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PvP: For Sale
July 22, 2011 7:17 AM   Subscribe

Scott Kurtz draws and writes one of the Internet's oldest webcomics, PvP. He launched it in 1998 and, since then, has won two Eisner Awards and a Harvey Award for his work. Scott has been a trendsetter for webcomics before, infamously (and frequently controversially) brash in defense of its business model, especially in the face of criticism from old media. Today, he announced that he will be selling product placement in his strips, starting with an arc focused on Magic: The Gathering. This is a webcomics first. Will it prove a boon to the financial success of artists, or a burden on the freedoms they've won? Or will it catch on at all beyond PvP?
posted by gilrain (75 comments total) 7 users marked this as a favorite

 
Scott has also co-written How to Make Webcomics, is co-founder of industry site Webcomics.com, and runs the industry podcast Webcomics Weekly.

(Thought I should add some context for why Scott is important in the industry, even if he is controversial.)
posted by gilrain at 7:22 AM on July 22, 2011


Somewhere in New England, Tim Buckley from Ctrl-Alt-Del is having an aneurysm.
posted by Spatch at 7:22 AM on July 22, 2011 [9 favorites]


Kurtz has done paid advertainment strips before, but they've always been separate from the main storyline. I guess he's just folding them in.

I used to be a big fan of PvP, but I quit reading a few years back when it seemed to become all about WoW, which I don't play.
posted by Faint of Butt at 7:26 AM on July 22, 2011 [1 favorite]


Spatch, I was about to say the same thing. Although, frankly, I wonder if Kurtz is just the first one to own up to it. I don't read gaming comics regularly anymore, but it often seemed like some of the comics about particular games or front-page-updates-that-are-game-reviews basically read like ad copy (as opposed to being unreadable for different reasons).
posted by dismas at 7:27 AM on July 22, 2011


I think this will backfire. It's fine to do advertising work separate to the main comic, but this is just going to piss everyone off.
posted by East Manitoba Regional Junior Kabaddi Champion '94 at 7:28 AM on July 22, 2011 [1 favorite]


this is just going to piss everyone off.

Really? I don't think people will care much at all. Magic, I think, crosses over into Kurtz's readership; I don't know that there will be a kerfuffle over the fact that a particular storyline is sponsored. Particularly given that my impression of Kurtz is that he's all about the business of the webcomic, i.e., making that dollar--which is fine, though I always got the sense that he wanted mainstream acceptance/money. Cf. Penny Arcade, which I think walks to the beat of their own drummer (for better or for worse, e.g., Dickwolves). This just seems like more of the same from him.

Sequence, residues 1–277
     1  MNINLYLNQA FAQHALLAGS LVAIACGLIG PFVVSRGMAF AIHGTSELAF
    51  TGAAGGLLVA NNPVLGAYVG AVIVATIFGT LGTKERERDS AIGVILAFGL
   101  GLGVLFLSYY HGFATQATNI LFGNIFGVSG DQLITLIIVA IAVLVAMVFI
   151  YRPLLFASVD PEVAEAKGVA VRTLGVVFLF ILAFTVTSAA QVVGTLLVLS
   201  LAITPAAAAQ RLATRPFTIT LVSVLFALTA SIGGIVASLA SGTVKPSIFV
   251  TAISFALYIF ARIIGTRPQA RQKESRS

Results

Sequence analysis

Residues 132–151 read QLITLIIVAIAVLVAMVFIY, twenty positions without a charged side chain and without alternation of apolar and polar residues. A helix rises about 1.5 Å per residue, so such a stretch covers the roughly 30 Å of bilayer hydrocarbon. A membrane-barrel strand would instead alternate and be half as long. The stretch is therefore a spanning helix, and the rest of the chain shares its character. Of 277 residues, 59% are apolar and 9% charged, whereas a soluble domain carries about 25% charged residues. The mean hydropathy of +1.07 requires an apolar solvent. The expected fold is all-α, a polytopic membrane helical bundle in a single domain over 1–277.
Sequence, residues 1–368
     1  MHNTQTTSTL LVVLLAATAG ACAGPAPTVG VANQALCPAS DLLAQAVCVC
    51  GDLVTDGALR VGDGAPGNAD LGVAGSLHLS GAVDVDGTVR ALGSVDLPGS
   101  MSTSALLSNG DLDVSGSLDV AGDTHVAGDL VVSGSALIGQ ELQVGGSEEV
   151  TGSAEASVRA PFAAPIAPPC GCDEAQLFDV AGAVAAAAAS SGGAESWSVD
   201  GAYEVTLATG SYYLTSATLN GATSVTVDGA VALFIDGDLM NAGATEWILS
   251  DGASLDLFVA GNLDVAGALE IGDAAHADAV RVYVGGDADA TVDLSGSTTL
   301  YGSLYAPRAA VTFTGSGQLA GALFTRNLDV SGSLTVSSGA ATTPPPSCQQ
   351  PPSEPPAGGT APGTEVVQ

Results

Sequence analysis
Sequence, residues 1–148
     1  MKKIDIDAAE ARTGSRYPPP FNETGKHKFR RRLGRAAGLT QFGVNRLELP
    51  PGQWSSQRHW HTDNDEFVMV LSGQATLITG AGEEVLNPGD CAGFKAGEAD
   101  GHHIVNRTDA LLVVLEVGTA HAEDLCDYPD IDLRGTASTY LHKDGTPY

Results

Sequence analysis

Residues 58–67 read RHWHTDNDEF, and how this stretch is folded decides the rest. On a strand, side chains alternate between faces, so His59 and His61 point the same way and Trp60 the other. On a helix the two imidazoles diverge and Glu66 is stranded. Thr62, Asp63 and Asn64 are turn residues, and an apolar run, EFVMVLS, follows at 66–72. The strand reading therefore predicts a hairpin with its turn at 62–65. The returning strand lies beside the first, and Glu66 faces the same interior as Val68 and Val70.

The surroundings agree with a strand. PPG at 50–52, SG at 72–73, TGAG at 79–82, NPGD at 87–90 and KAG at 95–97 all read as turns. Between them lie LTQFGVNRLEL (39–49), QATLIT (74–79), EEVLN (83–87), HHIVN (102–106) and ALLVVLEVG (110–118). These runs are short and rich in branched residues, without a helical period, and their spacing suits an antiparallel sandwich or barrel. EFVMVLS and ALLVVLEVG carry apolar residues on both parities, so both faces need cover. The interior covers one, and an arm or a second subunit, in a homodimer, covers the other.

That said, I also always thought that Kurtz should get his recognition; I think his work is (or was, I haven't read in years) pretty solid.
posted by Admiral Haddock at 7:36 AM on July 22, 2011


I guess the heart of the matter depends on whether he can manage to be entertaining while writing about subjects he's been paid to write about. I imagine that if one is going to take paid product placements, being up front about it is probably the way to go.
posted by Kikujiro's Summer at 7:37 AM on July 22, 2011


Somewhere in New England, Tim Buckley from Ctrl-Alt-Del is having an aneurysm.

And showing his genitals to young girls.
posted by Talez at 7:39 AM on July 22, 2011 [8 favorites]


And showing his genitals to young girls.

I'm at work so I'd rather not Google the answer to "what the hell are you talking about?" so what the hell are you talking about?
posted by griphus at 7:41 AM on July 22, 2011 [1 favorite]


I stopped reading PvP last year (I don't recall exactly why - I think it just didn't seem funny enough any more).

I doubt this will seriously affect his readership, but I also don't believe that you can get paid to produce creative content while also maintaining creative objectivity, which is what Kurtz seems to be trying to do.
posted by muddgirl at 7:42 AM on July 22, 2011 [1 favorite]


I'm at work so I'd rather not Google the answer to "what the hell are you talking about?" so what the hell are you talking about?

The "Jackie" incident.

It's just one in a long list of Tim Buckley's ass-hattery. Racist comics, miscarriage storyline, character theft, wikipedia astroturfing.
posted by Talez at 7:53 AM on July 22, 2011 [4 favorites]


Honestly, I read the first product placement strip and it didn't feel or sound much different from a normal PVP strip. That's about the best you can hope for. If nothing else, Kurtz is a guy who's always tried to figure out how best to capitalize on the unique aspects of the medium from a business standpoint - sometimes that's a bit grating but other times he stumbles across some really interesting ideas.